Tuesday, April 28, 2015

Decisions

I was folding laundry last night and got to thinking.  Help me with the math here: Let’s say Beaven wears five t-shirts a week-- just as a round number.  And I wash, dry and fold these t-shirts 50 weeks out of the year, again a round number.  In one year that’s 250 t-shirts.  Folded exactly like he showed me when we got married, which is exactly the way his mother folded them.  Now say I’ve been doing that 40 years (actually 45 but we’re making things simple).  I’ve folded 10,000 t-shirts, just like his mother folded them.  If I’m focused, it takes me 30 seconds to fold one t-shirt.  I just calculated that’s 83 hours of my life spent folding t-shirts. 

That’s a two-week vacation. 

I’ve been doing this twice as long as Blanche did it for him before we got married.  I mindlessly adopted her technique without question, never dreaming that I had any choice in the matter.

And just last night for the first time in 45 years, it occurred to me to wonder why people don’t just hang them on hangers.  Or do they and I’ve missed the boat all this time?  Am I the only wife spending the equivalent of a two-week vacation folding t-shirts?
And what about those women who just wad the things up and throw them into a drawer?  Or the women who make their husbands do their own laundry? Are their marriages headed for the rocks? I’m not saying I would give up my wonderful man just because his mom spoiled him.  It just never occurred to me that I had a choice.
Choices are such a luxury and some we never even notice for what they are.
Our oldest granddaughter spent a long weekend on a band trip to Chicago.  It wasn’t for any kind of competition, it was for the sheer fun of it. They missed Friday and Monday at school but most of these band kids never have a problem with making up their work.  These are the kids who rehearse all day outside in August, drinking water by the gallons; who can walk and play an instrument at the same time. Band nerds are Boss.  Band nerds kick ass and take names.  They totally deserved a vacation.
And we were so glad to see her having fun. 
She kept up a family message string to update us on practically every minute.  We could ask her what she ate for dinner and she could send us a photo.  No chance of getting homesick.
She was a veteran of sharing a hotel room with three other girls after being brought up at church retreats. She knows the drill.  Bit by bit, she is growing up.  And the bits are some of the smallest of details.
We used to take the church youth group to the hill country for a retreat every year when they were in middle school.  It takes about four or five hours to get there and I always hated the drive.  It was the constant state of alertness that drove me up the wall.  The responsibility for young lives that so many people cherish.
So, one year, when another church told us they had chartered a bus for their youth group and had plenty of room for our group I jumped at the chance.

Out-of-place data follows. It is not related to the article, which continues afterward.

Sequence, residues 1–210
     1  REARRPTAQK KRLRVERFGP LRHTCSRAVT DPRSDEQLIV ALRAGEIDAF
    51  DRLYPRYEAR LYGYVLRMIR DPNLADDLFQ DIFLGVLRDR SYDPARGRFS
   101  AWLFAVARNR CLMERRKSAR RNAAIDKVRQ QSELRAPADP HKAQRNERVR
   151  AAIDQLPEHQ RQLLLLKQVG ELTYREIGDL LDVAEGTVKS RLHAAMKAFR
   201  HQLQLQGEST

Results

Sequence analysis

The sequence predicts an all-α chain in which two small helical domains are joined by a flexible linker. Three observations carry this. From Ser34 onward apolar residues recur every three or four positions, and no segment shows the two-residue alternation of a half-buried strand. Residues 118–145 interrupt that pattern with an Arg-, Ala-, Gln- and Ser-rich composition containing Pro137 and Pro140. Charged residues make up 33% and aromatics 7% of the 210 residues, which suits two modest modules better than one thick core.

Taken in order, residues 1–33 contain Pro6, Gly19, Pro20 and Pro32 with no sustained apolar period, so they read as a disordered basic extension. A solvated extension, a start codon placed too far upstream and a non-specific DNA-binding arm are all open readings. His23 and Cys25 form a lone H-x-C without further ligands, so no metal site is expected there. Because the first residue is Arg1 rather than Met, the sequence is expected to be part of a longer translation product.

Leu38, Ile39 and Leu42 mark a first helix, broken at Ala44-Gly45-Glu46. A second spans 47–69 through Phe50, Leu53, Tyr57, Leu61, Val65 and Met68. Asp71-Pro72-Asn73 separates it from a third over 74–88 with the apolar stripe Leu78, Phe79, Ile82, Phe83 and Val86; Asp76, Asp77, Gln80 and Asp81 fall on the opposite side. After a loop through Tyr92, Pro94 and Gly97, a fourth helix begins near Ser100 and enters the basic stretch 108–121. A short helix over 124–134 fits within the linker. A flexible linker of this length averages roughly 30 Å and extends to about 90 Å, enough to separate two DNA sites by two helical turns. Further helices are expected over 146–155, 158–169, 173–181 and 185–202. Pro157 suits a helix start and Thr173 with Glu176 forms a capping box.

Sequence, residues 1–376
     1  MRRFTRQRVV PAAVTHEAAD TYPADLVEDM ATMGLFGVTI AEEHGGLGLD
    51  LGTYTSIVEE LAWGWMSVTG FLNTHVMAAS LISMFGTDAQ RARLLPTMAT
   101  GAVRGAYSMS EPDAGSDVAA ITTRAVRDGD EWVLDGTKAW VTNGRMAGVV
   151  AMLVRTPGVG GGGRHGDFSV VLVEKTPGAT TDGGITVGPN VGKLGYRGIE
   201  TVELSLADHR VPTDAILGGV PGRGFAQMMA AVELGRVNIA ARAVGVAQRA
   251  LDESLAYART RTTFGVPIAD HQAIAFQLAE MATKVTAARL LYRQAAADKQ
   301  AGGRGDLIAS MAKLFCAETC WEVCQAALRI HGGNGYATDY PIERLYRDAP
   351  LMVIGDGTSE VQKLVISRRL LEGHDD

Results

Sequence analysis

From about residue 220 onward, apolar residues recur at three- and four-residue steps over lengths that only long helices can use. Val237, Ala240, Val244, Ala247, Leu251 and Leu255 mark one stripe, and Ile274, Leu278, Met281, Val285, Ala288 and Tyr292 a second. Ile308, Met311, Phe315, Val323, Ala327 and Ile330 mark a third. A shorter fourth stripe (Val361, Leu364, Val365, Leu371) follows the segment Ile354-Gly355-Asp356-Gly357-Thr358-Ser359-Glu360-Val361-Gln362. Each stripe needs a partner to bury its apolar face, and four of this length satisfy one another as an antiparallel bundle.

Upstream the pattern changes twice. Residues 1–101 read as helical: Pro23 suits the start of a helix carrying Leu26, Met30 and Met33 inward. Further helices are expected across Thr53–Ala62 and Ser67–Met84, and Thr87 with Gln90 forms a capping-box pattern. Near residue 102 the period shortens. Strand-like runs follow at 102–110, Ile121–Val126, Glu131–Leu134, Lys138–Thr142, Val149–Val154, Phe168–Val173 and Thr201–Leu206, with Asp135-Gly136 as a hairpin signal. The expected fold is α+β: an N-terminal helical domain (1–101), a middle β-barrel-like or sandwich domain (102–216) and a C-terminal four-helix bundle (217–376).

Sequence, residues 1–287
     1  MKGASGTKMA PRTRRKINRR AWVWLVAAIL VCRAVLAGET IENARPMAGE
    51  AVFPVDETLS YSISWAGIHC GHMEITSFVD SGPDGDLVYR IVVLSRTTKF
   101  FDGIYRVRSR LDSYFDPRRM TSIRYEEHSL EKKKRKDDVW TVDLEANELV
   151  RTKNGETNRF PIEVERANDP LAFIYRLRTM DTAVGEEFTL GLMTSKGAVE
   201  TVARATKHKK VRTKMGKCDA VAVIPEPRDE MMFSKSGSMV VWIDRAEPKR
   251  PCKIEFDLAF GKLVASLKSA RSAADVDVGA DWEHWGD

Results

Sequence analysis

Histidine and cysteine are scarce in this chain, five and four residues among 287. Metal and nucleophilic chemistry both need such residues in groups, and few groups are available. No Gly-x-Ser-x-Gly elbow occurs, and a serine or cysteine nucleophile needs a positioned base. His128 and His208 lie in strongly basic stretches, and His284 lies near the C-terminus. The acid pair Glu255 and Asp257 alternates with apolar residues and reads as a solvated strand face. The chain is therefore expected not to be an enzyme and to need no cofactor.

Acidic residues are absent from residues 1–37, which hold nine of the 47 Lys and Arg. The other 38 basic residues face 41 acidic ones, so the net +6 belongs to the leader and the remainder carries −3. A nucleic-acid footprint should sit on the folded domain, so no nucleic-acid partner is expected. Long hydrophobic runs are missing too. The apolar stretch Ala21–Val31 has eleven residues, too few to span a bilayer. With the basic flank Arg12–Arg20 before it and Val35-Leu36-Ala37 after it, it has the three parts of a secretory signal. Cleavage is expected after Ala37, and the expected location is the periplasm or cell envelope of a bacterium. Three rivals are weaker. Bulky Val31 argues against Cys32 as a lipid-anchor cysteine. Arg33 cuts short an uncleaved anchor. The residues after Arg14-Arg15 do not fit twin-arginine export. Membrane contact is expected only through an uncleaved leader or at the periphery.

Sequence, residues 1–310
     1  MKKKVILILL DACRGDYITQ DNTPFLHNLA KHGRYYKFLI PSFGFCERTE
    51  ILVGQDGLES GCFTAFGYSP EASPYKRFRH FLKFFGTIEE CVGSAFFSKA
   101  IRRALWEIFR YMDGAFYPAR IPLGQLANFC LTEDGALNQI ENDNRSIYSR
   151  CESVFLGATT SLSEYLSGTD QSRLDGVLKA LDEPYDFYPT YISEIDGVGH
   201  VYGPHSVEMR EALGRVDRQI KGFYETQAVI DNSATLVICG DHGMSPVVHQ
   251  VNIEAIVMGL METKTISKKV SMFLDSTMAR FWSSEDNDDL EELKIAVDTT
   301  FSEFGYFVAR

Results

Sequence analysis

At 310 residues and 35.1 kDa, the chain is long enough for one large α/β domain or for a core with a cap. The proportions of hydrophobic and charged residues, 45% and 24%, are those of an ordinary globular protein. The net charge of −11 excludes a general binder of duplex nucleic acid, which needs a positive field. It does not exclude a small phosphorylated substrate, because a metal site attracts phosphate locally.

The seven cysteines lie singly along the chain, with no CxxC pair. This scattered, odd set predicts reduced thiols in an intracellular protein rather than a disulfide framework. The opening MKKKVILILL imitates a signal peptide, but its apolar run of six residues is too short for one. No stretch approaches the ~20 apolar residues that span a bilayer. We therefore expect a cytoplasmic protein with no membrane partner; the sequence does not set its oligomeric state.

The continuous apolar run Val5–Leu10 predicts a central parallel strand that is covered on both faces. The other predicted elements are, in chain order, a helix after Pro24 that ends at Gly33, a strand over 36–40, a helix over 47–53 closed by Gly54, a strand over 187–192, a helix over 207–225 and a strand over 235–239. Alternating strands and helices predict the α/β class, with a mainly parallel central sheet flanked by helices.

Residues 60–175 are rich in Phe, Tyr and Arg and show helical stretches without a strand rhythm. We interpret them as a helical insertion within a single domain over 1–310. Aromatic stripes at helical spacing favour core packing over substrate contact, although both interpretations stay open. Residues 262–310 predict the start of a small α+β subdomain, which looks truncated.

The bus came with a professional driver.  I reveled in the luxury of not having to pay attention to the road, at having someone I trusted taking care of our safety.  There was even a bathroom on board.  We didn’t have to stop; it was just “get on the bus, chill out, and arrive at destination.” 
The kids didn’t like it. 
How could they not like it?  The seats were roomy.  You could stand up and walk around if you wanted to. What did they miss about a cramped car with somebody sleeping on half of your shoulder?
They missed the stops for gas or for potty breaks.  Because that’s when a lot of the fun happens on a road trip. They really enjoyed the 10 or 15 minutes at a gas station. And that’s when I understood the tiny little things that go into making an adult. 
Choices. Making their own decisions.  For an average elementary or middle school kid, going anywhere without their parents was new territory.  And taking their own money into a gas station to buy snacks is a rite of passage.  There was the newness of deciding on their own what they will buy, not having to ask permission.  It was the act of calculating if they have enough money.  Paying for the snacks yourself.  Getting change back.  The entire transaction makes them just a little bit older and more experienced.
It reminded me of a watershed event in my own life that I had almost forgotten.  My elementary school went up to the 7th grade.  By that age I was riding my bike to school (another bit of growing up.) There was a Mom and Pop grocery store next door to the school where we could buy snacks after school.  The year I got to the seventh grade the store opened up a tiny space by the front window for a few tables and a restaurant.  My best friend that year was Elizabeth Anderson and we rode our bikes everywhere.  On our bike rides to and from school we cooked up a plan to celebrate the school year’s end, our transition out of elementary school,  with dinner at that little restaurant.  When the day came we felt so grown-up:  we rode our bikes to the place, ordered, ate, paid, and rode our bikes home. I remember nothing about our meal but I will never forget the feeling of being a little bit closer to adulthood.  I could see it on the horizon and it didn’t look too hard.
There would be many decisions after that.  I would decide who I married, even if he came with t-shirts to fold.  Together we would make sobering decisions regarding our parents’ health care and welfare; decisions made more easily with a partner.  And we made group decisions with our children about their colleges. The college decisions were the most fun.
The more people you have in the decision-making process the easier it is.  I firmly believe that’s why God invented committees. 
What?  God invented committees?  That’s another blog for another day.

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